With a team 'he'll be fine': UK braces for maverick leaderSupporters of Boris Johnson, who looks certain to become the next British prime minister, hail his optimistic vision for post-Brexit Britain, but insist he will have a team to take care of the details. "If he's got good people around him, he'll be fine," said 67-year-old backer Sue Busby, a grassroots member of the governing Conservative Party that looks set to propel Johnson to power this week. The former London mayor has wooed Conservatives with a promise to get Britain out of the European Union and if elected party leader, he will take over from Theresa May as prime minister on Wednesday.


  • Boris v Jeremy: Who are the rivals to be Britain's next PM? Sat, 20 Jul 2019 23:01:38 -0400

    Boris v Jeremy: Who are the rivals to be Britain's next PM?London (AFP) - As the race to become Britain's next prime minister draws to a close, here is a look at the two rival candidates, their campaigns and their main Brexit and domestic policies:


  • Panama to withdraw flag from tanker towed to Iran, cites violations Sat, 20 Jul 2019 21:17:16 -0400

    Panama to withdraw flag from tanker towed to Iran, cites violationsPanama's maritime authority said on Saturday it had begun the process of withdrawing the registration of an oil tanker called MT Riah, which was towed to Iran after it disappeared from ship tracking maps in the Strait of Hormuz on July 14. Panama began the flag withdrawal process on Friday after an investigation determined the tanker had "deliberately violated international regulations" by not reporting any unusual situation, the authority said in a statement. Iran has said it towed a vessel into its waters from the strait after the ship issued a distress call.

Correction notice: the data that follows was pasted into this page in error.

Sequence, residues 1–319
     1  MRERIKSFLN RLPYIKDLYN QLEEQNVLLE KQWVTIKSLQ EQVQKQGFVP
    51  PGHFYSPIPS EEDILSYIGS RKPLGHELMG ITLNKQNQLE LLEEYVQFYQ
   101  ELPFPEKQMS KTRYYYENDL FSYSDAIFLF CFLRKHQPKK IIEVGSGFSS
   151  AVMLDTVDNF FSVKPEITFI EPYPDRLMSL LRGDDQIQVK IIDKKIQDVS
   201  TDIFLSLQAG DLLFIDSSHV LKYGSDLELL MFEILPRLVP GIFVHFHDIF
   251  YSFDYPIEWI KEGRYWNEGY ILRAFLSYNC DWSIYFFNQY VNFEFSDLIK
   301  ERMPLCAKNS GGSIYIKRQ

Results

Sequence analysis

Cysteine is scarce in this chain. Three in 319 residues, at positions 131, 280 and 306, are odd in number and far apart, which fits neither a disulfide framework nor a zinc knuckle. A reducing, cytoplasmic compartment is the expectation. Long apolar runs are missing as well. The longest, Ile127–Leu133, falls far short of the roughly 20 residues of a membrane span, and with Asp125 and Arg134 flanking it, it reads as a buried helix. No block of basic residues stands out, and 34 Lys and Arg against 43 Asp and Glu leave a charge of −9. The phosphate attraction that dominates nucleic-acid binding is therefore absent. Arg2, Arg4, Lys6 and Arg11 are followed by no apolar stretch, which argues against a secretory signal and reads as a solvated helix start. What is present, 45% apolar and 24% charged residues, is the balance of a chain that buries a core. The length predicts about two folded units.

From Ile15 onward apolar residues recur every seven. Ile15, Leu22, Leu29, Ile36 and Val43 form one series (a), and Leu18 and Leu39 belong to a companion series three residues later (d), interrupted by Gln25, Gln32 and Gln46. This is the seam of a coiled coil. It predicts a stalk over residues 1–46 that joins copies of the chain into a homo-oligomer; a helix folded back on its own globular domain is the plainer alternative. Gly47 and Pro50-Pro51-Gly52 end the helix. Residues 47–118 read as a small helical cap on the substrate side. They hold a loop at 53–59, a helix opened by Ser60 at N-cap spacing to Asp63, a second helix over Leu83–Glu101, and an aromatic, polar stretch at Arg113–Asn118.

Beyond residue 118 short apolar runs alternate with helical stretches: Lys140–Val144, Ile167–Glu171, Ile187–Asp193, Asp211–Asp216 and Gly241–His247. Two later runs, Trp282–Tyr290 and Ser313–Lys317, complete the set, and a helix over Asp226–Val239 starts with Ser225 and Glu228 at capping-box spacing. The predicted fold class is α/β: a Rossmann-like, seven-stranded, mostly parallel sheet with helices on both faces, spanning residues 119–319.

• British Airways, Lufthansa suspend Cairo flights Sat, 20 Jul 2019 20:48:20 -0400

    British Airways, Lufthansa suspend Cairo flightsBritish Airways and Lufthansa both said Saturday they were suspending flights to Cairo for unspecified reasons related to safety and security. The British carrier said it was canceling flights to the Egyptian capital for a week. Lufthansa said it was suspending its flights as a precaution, mentioning "safety" but not "security" as its concern.


  • UK considering options over seized ship: minister Sat, 20 Jul 2019 20:13:40 -0400

    UK considering options over seized ship: ministerLondon was considering several options in response to Iran's seizure of a British-flagged tanker, junior defence minister Tobias Ellwood said Sunday. Britain has said its priority is to de-escalate tensions with Iran in the Gulf, and has called for the release of the Stena Impero oil tanker which was seized Friday in what Britain said was an illegal move in Omani waters. "We are going to be looking at a series of options," Ellwood told Sky News television.


  • Over 20,000 rally in Moscow as election anger boils over Sat, 20 Jul 2019 20:13:04 -0400